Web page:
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Cracking up at work

The scientific linkages of humour to ‘work output’ sounds more like common sense. Good humour makes the employee happy, a happy employee works better and so on and so forth.

india Updated: Nov 05, 2007 22:27 IST

Joke Lite is the recommended diet for a healthy workplace. No, stupid, we didn’t know that. Researchers are now working on ways to figure out how humour can make more cohesive teams in cross-cultural workplaces. This is the next project for researchers in the University of Missouri-Columbia after they concluded that an office that jokes around as it tweaks PowerPoint presentations and races to meet deadlines is that much more creative and productive. The researchers also found that in cross-culture teams, it is more difficult to crack a joke, be funny and not ruffle some feathers. Jokes that are related to work are the best — with the precaution that jokes about the boss not be cracked while he’s in the vicinity.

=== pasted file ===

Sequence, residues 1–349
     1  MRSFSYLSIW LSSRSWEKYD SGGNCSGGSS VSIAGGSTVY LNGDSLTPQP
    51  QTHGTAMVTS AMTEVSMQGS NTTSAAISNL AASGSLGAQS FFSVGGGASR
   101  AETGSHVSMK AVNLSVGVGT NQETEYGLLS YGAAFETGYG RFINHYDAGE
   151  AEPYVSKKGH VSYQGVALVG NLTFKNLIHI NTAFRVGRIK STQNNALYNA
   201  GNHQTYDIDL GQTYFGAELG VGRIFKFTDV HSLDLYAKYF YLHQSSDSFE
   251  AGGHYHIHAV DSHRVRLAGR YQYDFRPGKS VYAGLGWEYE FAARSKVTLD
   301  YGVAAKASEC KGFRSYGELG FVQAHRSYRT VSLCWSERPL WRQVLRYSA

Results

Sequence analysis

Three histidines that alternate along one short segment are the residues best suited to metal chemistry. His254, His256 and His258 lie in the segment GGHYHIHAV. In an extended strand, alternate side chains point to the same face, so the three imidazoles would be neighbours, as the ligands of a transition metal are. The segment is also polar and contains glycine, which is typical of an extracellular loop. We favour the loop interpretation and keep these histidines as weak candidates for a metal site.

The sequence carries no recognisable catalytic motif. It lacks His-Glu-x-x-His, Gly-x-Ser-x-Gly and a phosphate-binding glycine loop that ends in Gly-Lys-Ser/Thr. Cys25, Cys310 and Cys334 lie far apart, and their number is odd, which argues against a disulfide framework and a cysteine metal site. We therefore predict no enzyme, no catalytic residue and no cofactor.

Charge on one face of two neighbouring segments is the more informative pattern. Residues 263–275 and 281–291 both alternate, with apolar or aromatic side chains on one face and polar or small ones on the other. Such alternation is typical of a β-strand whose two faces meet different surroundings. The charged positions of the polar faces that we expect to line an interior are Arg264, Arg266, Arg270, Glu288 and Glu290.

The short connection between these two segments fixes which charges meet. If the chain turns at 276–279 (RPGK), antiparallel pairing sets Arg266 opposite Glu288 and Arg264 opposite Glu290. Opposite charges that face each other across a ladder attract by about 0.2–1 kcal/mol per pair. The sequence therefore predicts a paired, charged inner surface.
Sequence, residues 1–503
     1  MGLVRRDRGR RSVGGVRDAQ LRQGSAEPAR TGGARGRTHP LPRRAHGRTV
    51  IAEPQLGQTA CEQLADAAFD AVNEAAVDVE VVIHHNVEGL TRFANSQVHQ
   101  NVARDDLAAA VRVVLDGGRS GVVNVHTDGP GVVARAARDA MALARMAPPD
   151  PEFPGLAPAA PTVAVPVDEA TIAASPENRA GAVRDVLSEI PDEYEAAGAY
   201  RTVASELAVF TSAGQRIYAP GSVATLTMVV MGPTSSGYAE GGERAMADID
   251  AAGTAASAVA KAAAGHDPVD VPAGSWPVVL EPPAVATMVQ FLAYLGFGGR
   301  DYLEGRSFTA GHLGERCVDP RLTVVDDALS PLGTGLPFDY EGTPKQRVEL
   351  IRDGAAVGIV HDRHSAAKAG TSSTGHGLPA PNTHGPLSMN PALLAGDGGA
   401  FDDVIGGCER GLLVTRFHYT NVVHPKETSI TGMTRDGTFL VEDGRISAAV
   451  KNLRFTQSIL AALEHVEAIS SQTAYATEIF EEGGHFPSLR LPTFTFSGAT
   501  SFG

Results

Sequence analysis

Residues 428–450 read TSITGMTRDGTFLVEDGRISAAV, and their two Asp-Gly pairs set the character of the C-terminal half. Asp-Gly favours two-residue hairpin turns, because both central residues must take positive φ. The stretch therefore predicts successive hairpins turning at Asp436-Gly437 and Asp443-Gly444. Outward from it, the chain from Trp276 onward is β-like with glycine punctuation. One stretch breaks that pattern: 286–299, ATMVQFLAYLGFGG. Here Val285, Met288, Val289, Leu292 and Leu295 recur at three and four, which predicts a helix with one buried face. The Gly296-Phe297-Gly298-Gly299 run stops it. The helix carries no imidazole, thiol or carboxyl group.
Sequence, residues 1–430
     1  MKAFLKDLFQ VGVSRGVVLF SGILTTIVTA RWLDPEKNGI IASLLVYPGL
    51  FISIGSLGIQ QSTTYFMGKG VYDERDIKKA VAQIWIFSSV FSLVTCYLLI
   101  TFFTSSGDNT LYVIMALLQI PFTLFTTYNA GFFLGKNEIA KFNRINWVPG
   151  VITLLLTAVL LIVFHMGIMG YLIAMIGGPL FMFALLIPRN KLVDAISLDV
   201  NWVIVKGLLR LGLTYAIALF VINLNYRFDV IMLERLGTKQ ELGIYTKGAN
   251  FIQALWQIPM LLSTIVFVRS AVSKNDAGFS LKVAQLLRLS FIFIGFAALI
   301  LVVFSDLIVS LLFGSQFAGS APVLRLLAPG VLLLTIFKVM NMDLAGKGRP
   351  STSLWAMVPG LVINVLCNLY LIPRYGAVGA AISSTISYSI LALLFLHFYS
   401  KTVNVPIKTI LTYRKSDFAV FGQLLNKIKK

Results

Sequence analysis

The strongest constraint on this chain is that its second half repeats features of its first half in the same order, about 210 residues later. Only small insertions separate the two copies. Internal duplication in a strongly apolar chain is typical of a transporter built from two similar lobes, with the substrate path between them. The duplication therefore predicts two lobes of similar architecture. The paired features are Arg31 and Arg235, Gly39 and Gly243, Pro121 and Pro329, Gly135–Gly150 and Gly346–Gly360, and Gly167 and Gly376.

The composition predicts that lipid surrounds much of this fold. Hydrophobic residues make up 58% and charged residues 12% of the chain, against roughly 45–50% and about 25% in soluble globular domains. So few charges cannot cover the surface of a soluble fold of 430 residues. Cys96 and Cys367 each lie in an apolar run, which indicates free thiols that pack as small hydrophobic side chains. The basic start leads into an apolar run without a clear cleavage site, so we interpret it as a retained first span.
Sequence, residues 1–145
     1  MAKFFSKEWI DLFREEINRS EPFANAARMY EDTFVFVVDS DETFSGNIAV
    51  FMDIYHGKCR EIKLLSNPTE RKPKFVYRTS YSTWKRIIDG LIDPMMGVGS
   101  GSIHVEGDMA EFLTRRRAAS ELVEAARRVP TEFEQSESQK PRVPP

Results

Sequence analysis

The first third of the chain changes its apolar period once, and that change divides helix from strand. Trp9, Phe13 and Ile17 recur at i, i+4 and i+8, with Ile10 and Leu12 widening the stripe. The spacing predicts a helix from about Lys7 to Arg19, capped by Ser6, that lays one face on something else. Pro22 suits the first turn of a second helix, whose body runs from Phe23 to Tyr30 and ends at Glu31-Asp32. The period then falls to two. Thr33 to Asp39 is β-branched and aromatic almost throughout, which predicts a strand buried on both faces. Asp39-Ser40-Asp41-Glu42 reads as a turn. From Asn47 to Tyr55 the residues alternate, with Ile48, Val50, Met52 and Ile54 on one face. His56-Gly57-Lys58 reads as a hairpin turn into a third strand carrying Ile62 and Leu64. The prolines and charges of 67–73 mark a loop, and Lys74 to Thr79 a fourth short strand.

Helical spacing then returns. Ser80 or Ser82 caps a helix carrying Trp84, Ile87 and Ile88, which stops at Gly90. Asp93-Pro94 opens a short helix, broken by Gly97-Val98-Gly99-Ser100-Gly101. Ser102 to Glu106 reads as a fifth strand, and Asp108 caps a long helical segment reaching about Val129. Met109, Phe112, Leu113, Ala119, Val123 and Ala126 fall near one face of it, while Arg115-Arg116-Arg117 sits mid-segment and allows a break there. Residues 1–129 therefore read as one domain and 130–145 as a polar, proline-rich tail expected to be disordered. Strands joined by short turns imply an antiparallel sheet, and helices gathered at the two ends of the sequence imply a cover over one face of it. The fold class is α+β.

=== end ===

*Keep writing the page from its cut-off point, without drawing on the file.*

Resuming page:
The scientific linkages of humour to ‘work output’ sounds more like common sense. Good humour makes the employee happy, a happy employee works better and so on and so forth. But point is that productivity in these times of lean meat, sorry, teams, is no joke. So, any study about the role of humour in a cost-cutting business environment will have many takers. The next step, of course, is to define a light joke. For instance, a career diplomat talking about headless poultry is simply not a light joke, it would seem, much as the workplace may cackle at it.

Laughter, then, is not only the best medicine, it is also the best incentive. No wonder so many people get to laugh at their salary. Bottomline, no cutting corners on the quality of humour employed. No, don’t hire the guy who claims he has a ‘keen sense of humour’ — he’ll only crack jokes and there’s simply no place for that.